There's big & small joy out there. Find your happy; follow it ... then don't forget to notice it!


 What do you see worth a little gratitude?


Happy Thanksgiving Day! And Happy Giving Thanks Daily!

Tuesday, November 22, 2011

The Quick & The Read - Recipe Schmecipe

I love to cook. I love to cook healthy for myself & my family.

I don't always have as much time as I'd like. (Okay, yes, I might have more if I interwebbed less, but whatevs.) There are plenty of great shortcuts that allow you to put a (semi-)homemade meal on the table & still have time to do fun stuff like this:


... and still get through the shower before bedtime!

Two recent success stories for us:
  1. Spinach Tortellini with Peas & Pesto - That's right. Prepared tortelli (in this case, spinach pasta with ricotta filling), frozen peas, prepared pesto. We had it with Caesar salads, by which I mean - romaine lettuce from a bag + lite Caesar vinaigrette & Parmesan shavings. Munchkin's new thing is "more salad?" --- Enough to melt a dietitian mama's heart.
  2. Beef Stir-fry - I chopped an onion, sauteed it in a bit of olive oil for a few minutes, then added lean "stew meat" (the stuff pre-cut for you) and cooked till it was mostly done. Then I added a bag of pre-chopped stri-fry veggies. I poured over all that a "sauce" I'd made while the onion cooked (approx: 2 tablespoons soy sauce, 2 teaspoons ground ginger, 2 teaspoons minced garlic, 2 big squeezes honey), but you could certainly use a marinade or salad dressing. I served it over 90 second Uncle Ben's whole grain medley. This I actually took a second to photograph: 


No one said it was a good photograph.

Another thing about my cooking? I tend to take recipes as suggestions or inspirations, rather than strict instructions. If I don't have this, that or the other, I improvise. Here are 2 recipes I recently took great liberties with, either by choice or necessity.


  1. Roasted Butternut Squash over Farro by the Vintage Mixer - I saw the picture on Pinterest and thought it looked delicious. I read the title, decided I'd toss in some spinach & my own spice ideas. I further decided to use barley, because I had some & because I wanted to try ...
  2. Slow-cooker Barley Risotto by Dietitian on a Mission - In this case, I started cooking and realized I didn't have a number of things I thought I did. I knew I didn't have a shallot and used a third of so of an onion. I thought I had far more chicken stock than I really did --- I used extra water with plenty of salt. 
I smashed them together & it turned out GREAT! My hubben liked the whole thing. The Munchkin actually said yummy over some spinach & squash before deciding all she wanted in the world was "rice." I did sneak a few chickpeas in her little face too.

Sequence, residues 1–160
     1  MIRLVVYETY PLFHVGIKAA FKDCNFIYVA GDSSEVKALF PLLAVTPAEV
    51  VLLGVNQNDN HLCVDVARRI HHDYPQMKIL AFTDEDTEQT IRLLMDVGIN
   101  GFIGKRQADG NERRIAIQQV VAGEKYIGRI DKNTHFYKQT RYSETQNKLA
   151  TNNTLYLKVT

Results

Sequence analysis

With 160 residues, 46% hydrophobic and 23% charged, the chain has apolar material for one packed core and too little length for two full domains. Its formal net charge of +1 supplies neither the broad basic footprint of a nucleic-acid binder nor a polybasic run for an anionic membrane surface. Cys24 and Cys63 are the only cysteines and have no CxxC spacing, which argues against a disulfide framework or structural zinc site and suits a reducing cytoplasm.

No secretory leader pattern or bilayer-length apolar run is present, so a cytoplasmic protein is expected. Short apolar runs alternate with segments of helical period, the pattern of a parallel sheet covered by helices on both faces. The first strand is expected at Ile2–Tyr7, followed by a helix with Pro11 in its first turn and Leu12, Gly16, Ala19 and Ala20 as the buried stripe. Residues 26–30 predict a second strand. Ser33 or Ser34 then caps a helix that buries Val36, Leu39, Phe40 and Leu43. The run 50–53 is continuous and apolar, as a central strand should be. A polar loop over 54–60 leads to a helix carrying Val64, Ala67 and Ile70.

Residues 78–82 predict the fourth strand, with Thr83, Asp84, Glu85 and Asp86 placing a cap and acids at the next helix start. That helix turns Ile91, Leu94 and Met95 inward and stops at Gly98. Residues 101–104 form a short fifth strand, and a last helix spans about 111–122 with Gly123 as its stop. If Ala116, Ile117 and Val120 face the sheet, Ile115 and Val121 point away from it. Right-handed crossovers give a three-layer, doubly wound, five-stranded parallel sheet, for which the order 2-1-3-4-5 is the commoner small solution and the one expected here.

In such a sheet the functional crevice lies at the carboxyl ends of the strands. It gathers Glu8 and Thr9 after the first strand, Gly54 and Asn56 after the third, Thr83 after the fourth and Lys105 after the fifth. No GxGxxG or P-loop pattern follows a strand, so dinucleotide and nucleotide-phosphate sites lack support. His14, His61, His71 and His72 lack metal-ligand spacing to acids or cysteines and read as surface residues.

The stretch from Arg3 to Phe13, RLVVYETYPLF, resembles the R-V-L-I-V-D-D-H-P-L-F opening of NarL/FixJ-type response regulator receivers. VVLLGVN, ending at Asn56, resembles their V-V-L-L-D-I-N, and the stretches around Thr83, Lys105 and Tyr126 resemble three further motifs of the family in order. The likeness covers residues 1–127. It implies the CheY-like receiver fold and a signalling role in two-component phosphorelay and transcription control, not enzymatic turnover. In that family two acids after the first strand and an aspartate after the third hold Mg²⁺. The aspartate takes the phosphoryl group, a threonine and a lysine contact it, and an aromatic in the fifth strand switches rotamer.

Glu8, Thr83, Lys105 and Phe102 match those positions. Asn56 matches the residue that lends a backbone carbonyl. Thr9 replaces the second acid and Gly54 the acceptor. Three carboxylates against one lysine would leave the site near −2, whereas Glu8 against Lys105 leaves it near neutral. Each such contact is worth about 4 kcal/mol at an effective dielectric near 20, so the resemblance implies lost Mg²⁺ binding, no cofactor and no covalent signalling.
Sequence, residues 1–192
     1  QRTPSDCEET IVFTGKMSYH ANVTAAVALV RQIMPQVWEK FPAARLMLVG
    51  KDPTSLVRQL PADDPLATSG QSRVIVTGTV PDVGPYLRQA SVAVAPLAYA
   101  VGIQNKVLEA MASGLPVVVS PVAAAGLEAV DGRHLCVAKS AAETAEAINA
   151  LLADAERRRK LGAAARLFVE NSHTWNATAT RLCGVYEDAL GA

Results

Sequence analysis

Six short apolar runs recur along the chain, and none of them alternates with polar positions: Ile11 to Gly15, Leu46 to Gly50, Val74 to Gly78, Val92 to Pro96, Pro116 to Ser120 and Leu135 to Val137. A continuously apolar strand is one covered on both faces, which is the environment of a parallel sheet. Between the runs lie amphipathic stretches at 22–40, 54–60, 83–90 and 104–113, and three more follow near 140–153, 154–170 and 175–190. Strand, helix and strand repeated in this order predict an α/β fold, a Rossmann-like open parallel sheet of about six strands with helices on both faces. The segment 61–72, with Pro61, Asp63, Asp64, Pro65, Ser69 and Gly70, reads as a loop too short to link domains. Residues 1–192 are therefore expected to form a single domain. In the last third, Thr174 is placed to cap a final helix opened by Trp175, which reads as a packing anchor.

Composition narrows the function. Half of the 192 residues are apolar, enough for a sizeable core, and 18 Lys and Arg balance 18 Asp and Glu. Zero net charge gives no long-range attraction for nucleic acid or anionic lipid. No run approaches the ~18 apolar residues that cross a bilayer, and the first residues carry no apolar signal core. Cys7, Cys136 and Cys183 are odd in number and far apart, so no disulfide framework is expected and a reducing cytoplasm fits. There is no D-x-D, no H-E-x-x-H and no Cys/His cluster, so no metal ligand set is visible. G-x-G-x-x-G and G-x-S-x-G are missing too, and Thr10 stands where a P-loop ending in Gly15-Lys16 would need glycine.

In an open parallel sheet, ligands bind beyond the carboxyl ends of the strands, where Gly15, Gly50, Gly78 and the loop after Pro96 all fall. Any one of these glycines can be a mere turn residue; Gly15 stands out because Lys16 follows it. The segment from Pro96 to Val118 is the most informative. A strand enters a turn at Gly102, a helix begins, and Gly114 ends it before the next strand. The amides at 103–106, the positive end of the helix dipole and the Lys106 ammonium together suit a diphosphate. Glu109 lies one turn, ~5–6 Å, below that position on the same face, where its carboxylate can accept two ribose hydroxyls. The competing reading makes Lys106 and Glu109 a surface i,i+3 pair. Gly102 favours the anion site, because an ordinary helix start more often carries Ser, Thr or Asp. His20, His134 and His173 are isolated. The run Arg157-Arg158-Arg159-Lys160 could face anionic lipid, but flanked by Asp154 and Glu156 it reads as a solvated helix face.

Take home messages:

  1. There are healthy short-cuts out there. Keep looking till you find ones that work for you. Then take variations on them to avoid "taste fatigue."
  2. Don't be afraid to experiment. What's the worst that will happen? No one will like it? You & they will either suck it up & eat it. Or you'll make PBJs or have chips'n'salsa or somesuch.
  3. Eating at least moderately well doesn't have to cost a fortune or exhaust you. It only requires a little thought on the front-end.
    • I made the following analogy to a patient today: I have a basket of clean laundry waiting to be put away. If I took the 15 minutes one evening to just do it, it would save me the 5 minutes every morning looking for socks (by which I meant underwear).
    • That basket is still waiting ....



Monday, November 21, 2011

Parenting: Journeys & Destinations - No Mompetition, please

"Life is a journey, not a destination."

Agreed, but when it comes to parenting, maybe it's the other way around. As in - the goal is a happy, healthy child with happy, healthy parents. How you get there is what works for your family.

I guess that's what I meant with my previous post about Babywise. I didn't so much mean it as an attack on the authors. More just an affirmation to myself & a suggestion to new parents. ---  Take the advice of books & friends; have a plan, but be flexible & confident ... Trust yourself a little.

In my early early days, I totally lacked flexibility & confidence. I didn't trust myself enough. I leaned on the books, whined on Facebook, and probably drove my husband nuts. A very wise friend & mom of two posted on one of my Facebook whines -- "She doesn't need a perfect mom, just a happy one." YES! Do what makes you happy, within reason, and it'll all work out. I didn't quite get it though till much later.

I finally internalized a better attitude when a workpal shared a little piece of wisdom, and it finally clicked. She said, and I paraphrase here - "You know what? She's not going to be sleeping with you when she's 12. She's not going to kindergarten in diapers. Kids do things in their own time. Enjoy it while it lasts." This from the mother of 8 and 12 year old boys. She rocked them each to sleep & soothed them through the night as needed. (Exactly what I wanted to do!) And they've both turned into well-adjusted little tweens.

What was funny about this exchange was that her response was to my reflexive apology for my daughter's ceasing to sleep through the night. She had asked how I was. I said "tired" and went on to say why. It seemed like conversations with co-workers too often went something like this: